Measurements. Symptoms, exacerbations, QOL questionnaires and spirometry were monitored every 3 months. Peripheral blood eosinophils, IgE, exhaled NO, bodyplethysmography, CO-diffusion capacity, PC20 methacholine, sputum induction and bronchoscopy were performed at 0, 6, and 30 months. In BAL and induced sputum we are measuring cell differentials and their state of activation. Immunohistochemistry is being performed in bronchial biopsy specimens, staining for markers on infiltrative and resident cells, and morphometric analysis will allow airway remodelling to be quantified, by using a computerized image analysis system. The effects of treatment will be analyzed by relating the observed changes in clinical and pathophysiological outcome, to those in cellular and histological outcome by using linear mixed statistical models.


Ages Eligible for Study:   45 Years to 75 Years   (Adult, Senior)
Sexes Eligible for Study:   All
Accepts Healthy Volunteers:   No

Inclusion criteria:

  • COPD patients with > 10 pack years.
  • Written informed consent.
  • Able to complete a diary card.
  • At least one of the following symptoms: chronic cough, chronic sputum production, frequent exacerbations, or dyspnoea at exertion.
  • Postbronchodilator FEV1 below 90% confidence interval of predicted and postbronchodilator FEV1/FVC below 90% confidence interval of predicted.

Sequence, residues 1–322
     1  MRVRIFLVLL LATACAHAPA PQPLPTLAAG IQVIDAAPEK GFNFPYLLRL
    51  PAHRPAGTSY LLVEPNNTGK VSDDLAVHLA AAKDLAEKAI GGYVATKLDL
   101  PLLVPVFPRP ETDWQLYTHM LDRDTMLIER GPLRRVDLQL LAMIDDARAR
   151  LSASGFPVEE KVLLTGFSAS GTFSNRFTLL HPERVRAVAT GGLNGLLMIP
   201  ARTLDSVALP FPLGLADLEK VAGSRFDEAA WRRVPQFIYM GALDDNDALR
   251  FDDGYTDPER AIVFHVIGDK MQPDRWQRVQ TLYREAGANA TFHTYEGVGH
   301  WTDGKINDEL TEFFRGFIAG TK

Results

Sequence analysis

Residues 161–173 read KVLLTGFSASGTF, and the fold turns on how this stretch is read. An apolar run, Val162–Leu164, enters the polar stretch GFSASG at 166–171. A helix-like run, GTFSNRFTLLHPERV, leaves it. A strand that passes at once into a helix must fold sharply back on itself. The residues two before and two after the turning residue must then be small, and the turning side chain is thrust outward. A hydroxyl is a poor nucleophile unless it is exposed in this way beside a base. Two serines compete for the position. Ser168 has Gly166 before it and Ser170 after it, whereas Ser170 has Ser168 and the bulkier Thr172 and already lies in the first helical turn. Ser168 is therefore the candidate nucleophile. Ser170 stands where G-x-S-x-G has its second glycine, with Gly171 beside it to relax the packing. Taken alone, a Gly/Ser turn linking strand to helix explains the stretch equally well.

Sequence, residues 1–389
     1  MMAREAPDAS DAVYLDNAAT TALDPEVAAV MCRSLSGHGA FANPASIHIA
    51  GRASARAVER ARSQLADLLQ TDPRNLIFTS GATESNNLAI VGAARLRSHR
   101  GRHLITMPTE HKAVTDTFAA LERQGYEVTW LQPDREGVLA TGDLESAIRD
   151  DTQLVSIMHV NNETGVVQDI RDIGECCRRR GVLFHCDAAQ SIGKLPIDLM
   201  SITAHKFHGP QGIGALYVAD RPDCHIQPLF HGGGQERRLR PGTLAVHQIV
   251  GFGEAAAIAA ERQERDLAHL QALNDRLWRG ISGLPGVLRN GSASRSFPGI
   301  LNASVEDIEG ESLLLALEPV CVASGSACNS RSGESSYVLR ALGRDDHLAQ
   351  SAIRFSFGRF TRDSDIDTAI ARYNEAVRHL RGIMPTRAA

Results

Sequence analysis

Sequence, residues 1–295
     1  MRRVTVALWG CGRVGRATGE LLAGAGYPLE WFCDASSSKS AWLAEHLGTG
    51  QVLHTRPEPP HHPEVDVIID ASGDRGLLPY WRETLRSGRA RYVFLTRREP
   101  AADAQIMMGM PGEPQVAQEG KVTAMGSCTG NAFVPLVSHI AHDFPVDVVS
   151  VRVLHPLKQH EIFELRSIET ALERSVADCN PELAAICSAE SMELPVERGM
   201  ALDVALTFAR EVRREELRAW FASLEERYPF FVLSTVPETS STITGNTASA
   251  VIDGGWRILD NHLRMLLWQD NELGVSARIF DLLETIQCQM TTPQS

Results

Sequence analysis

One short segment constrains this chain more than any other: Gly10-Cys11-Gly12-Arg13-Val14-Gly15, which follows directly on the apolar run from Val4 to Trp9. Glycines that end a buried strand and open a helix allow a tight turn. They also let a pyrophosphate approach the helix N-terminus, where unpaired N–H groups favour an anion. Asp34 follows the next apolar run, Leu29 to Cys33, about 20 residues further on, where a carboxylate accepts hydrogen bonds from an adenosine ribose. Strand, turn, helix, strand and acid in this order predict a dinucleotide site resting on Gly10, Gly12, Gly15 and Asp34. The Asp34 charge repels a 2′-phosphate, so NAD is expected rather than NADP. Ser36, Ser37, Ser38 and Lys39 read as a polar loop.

Exclusion criteria:

  • No oral corticosteroids 3 months prior to the study or maintenance treatment with corticostroids 6 months prior to the study.
  • No history of asthma, lung diseases other than COPD, other diseases likely to interfere with the study.
  Contacts and Locations
Choosing to participate in a study is an important personal decision. Talk with your doctor and family members or friends about deciding to join a study. To learn more about this study, you or your doctor may contact the study research staff using the Contacts provided below. For general information, see Learn About Clinical Studies.

Please refer to this study by its identifier: NCT00158847

University Medical Center Groningen
Groningen, Netherlands, 9700 RB
Leiden University Medical Center
Leiden, Netherlands, 2300 RC
Sponsors and Collaborators
Leiden University Medical Center
Academisch Ziekenhuis Groningen
The Netherlands Asthma Foundation
Netherlands Organisation for Scientific Research
Principal Investigator: Peter J. Sterk, MD, PhD Leiden University Medical Center
  More Information

Publications automatically indexed to this study by Identifier (NCT Number): Identifier: NCT00158847     History of Changes
Other Study ID Numbers: SCO30001
SER9804 / Glucold
Study First Received: September 8, 2005
Last Updated: January 10, 2006

Keywords provided by Leiden University Medical Center:
COPD inflammation sputum lung function biopsy

Additional relevant MeSH terms:
Lung Diseases
Lung Diseases, Obstructive
Pulmonary Disease, Chronic Obstructive
Respiratory Tract Diseases
Salmeterol Xinafoate
Anti-Inflammatory Agents
Bronchodilator Agents
Autonomic Agents
Peripheral Nervous System Agents
Physiological Effects of Drugs
Anti-Asthmatic Agents
Respiratory System Agents
Dermatologic Agents
Anti-Allergic Agents
Adrenergic beta-2 Receptor Agonists
Adrenergic beta-Agonists
Adrenergic Agonists
Adrenergic Agents
Neurotransmitter Agents
Molecular Mechanisms of Pharmacological Action processed this record on September 21, 2017